Ebenezer Stones … Stones of Help,
Stones of Remembrance
1 Samuel 7:12
Then Samuel took a stone and set it up between Mizpah and Shen. He named it Ebenezer, saying, “Thus far the Lord has helped us.”
When the whole nation had finished crossing the Jordan, the Lord said to Joshua, “Choose twelve men from among the people, one from each tribe, and tell them to take up twelve stones from the middle of the Jordan, from right where the priests are standing, and carry them over with you and put them down at the place where you stay tonight.” So Joshua called together the twelve men he had appointed from the Israelites, one from each tribe, and said to them, “Go over before the ark of the Lord your God into the middle of the Jordan. Each of you is to take up a stone on his shoulder, according to the number of the tribes of the Israelites, to serve as a sign among you. In the future, when your children ask you, ‘What do these stones mean?’ tell them that the flow of the Jordan was cut off before the ark of the covenant of the Lord. When it crossed the Jordan, the waters of the Jordan were cut off. These stones are to be a memorial to the people of Israel forever.”
An Ebenezer jar is a tangible way to help children understand the importance and value of remembering our own spiritual experiences and recognizing that these experiences, given to us by the Lord, shape us into the people that He wants us to be. Ebenezer stones serve as symbols of God’s unfailing love and forever faithfulness to us. Stones are added to the jar to commemorate significant events in our spiritual journeys, and to serve as physical reminders of His presence as we experience God’s blessings, protection, and help in our lives.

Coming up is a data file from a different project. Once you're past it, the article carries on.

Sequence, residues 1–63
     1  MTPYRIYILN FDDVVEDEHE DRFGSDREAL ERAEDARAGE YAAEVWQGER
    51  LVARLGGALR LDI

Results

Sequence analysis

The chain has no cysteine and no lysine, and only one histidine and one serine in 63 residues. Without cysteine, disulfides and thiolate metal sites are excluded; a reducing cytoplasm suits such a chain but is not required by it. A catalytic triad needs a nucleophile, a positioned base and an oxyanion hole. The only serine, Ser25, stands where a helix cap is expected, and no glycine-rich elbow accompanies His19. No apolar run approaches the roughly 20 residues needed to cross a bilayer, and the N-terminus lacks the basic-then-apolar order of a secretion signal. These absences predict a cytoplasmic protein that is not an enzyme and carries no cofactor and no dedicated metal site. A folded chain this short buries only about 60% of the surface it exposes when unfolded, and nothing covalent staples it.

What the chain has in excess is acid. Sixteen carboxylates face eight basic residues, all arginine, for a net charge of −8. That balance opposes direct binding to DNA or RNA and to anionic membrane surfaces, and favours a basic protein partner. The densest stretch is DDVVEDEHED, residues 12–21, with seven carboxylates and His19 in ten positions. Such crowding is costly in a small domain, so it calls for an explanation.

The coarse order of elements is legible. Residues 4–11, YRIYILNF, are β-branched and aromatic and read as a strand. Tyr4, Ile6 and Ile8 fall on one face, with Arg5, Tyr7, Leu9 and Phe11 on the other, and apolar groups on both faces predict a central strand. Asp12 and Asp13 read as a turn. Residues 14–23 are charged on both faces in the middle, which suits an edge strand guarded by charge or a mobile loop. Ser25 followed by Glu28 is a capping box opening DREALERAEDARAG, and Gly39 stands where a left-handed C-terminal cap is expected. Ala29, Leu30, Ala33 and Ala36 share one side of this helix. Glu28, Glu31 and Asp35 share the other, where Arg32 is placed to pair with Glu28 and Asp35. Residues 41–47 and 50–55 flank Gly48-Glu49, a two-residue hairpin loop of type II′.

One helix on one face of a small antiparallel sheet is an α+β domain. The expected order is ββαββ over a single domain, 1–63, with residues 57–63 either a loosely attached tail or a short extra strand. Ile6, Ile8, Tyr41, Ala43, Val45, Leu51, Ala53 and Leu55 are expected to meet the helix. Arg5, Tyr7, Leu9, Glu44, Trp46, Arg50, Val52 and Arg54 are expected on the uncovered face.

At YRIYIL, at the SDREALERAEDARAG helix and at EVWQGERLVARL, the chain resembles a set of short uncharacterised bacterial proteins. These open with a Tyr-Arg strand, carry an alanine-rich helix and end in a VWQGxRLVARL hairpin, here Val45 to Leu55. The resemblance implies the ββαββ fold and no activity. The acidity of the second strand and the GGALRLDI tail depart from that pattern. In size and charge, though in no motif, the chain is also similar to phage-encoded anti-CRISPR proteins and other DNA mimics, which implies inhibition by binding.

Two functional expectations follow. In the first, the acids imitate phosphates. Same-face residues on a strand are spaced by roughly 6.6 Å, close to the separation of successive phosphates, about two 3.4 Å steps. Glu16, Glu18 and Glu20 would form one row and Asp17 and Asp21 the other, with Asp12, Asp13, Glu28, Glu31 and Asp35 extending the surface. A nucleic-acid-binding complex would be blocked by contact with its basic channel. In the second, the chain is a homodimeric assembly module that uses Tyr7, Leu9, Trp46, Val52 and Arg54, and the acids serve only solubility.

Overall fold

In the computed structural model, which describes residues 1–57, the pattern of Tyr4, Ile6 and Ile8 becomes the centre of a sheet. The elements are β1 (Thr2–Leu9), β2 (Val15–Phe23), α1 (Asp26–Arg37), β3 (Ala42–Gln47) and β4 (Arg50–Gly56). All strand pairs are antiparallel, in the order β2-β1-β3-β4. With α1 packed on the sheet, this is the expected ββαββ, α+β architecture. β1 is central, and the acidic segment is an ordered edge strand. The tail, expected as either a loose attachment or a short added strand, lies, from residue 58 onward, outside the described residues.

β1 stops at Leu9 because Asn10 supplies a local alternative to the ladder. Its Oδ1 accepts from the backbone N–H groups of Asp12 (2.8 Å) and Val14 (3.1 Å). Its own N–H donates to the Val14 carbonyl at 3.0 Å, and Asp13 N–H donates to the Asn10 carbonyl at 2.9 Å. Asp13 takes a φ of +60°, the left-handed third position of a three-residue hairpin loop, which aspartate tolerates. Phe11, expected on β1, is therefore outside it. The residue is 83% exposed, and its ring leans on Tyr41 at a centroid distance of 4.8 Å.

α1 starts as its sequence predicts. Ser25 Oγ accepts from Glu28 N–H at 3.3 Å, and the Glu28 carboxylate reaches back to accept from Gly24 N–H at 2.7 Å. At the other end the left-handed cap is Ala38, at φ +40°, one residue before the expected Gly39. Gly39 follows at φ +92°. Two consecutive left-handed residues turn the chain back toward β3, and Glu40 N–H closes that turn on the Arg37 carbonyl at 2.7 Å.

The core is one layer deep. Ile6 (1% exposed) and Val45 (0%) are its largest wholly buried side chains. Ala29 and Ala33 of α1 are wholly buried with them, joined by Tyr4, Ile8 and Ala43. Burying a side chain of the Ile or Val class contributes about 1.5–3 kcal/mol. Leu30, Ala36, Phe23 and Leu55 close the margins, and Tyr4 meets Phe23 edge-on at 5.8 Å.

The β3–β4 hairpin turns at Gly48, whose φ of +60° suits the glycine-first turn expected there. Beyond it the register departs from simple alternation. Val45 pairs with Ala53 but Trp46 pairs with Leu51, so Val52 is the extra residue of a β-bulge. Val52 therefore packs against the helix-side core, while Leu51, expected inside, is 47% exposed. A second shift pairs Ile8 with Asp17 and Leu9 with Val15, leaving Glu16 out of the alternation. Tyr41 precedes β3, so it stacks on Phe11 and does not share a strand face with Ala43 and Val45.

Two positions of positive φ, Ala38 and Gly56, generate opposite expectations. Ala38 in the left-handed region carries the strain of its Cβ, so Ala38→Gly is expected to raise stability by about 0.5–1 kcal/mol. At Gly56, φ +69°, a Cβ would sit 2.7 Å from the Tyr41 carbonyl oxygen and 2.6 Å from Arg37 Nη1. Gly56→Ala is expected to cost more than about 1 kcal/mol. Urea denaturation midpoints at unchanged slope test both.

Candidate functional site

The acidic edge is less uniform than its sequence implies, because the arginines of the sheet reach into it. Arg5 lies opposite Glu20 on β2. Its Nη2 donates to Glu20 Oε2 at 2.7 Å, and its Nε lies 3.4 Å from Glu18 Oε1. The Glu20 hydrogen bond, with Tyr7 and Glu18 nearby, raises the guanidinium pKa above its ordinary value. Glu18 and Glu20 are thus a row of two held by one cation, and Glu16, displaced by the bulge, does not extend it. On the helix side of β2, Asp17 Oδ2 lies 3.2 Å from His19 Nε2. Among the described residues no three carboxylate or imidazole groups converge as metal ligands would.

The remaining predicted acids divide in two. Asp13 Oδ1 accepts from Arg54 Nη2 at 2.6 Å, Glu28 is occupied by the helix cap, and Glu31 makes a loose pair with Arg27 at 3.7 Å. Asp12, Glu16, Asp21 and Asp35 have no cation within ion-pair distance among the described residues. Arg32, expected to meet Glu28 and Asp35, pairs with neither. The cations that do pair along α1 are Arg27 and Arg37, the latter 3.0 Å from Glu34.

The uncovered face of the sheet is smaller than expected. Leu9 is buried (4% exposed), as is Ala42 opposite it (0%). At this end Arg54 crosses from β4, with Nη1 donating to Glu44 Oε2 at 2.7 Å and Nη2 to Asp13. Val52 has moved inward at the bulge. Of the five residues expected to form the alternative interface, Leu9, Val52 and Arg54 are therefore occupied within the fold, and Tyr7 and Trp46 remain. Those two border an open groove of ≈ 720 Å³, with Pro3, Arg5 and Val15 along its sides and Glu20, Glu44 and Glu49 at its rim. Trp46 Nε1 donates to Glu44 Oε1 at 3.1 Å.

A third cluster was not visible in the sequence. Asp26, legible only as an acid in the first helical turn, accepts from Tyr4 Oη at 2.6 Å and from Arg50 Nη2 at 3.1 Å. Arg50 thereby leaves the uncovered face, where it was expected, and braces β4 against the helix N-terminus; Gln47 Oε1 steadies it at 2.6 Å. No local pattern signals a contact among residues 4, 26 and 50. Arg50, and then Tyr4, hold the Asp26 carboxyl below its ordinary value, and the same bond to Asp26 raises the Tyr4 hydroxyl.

We will be celebrating some spiritual milestones with you as a church: dedications, baptisms, mission trips, moving from preschool to children’s ministry, and children’s to youth, graduation. For these times the church will present the stones and accompanying notes. The church will provide a jar for each baby being dedicated. For those of us with older children, it’s never too late to begin!
As your child experiences spiritual milestones, times of special blessings, or times when you recognize God working in his or her life, choose a stone, write the date and a word or symbol on it, and place it in the jar. A card or note should accompany the stone, perhaps placed in a scrapbook or file box, which gives details about the significance of the event. Over the years the Ebenezer stones will become a visible legacy, reminding your child of God’s many blessings and protections, and helping your child through the tough times in life.